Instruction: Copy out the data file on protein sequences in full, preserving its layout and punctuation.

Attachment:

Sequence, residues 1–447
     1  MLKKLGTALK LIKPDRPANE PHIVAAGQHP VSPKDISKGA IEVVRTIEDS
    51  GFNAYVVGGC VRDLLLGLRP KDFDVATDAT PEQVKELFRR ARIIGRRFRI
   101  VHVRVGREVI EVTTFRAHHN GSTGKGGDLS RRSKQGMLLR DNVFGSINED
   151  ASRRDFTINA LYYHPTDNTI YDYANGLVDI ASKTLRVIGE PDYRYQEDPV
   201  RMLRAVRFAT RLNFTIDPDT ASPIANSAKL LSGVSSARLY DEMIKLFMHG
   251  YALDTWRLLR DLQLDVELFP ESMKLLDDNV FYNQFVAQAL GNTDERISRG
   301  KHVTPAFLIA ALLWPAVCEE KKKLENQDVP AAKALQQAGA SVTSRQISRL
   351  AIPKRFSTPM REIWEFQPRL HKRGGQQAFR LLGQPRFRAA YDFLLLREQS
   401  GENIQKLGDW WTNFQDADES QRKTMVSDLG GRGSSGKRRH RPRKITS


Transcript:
Sequence, residues 1–447
     1  MLKKLGTALK LIKPDRPANE PHIVAAGQHP VSPKDISKGA IEVVRTIEDS
    51  GFNAYVVGGC VRDLLLGLRP KDFDVATDAT PEQVKELFRR ARIIGRRFRI
   101  VHVRVGREVI EVTTFRAHHN GSTGKGGDLS RRSKQGMLLR DNVFGSINED
   151  ASRRDFTINA LYYHPTDNTI YDYANGLVDI ASKTLRVIGE PDYRYQEDPV
   201  RMLRAVRFAT RLNFTIDPDT ASPIANSAKL LSGVSSARLY DEMIKLFMHG
   251  YALDTWRLLR DLQLDVELFP ESMKLLDDNV FYNQFVAQAL GNTDERISRG
   301  KHVTPAFLIA ALLWPAVCEE KKKLENQDVP AAKALQQAGA SVTSRQISRL
   351  AIPKRFSTPM REIWEFQPRL HKRGGQQAFR LLGQPRFRAA YDFLLLREQS
   401  GENIQKLGDW WTNFQDADES QRKTMVSDLG GRGSSGKRRH RPRKITS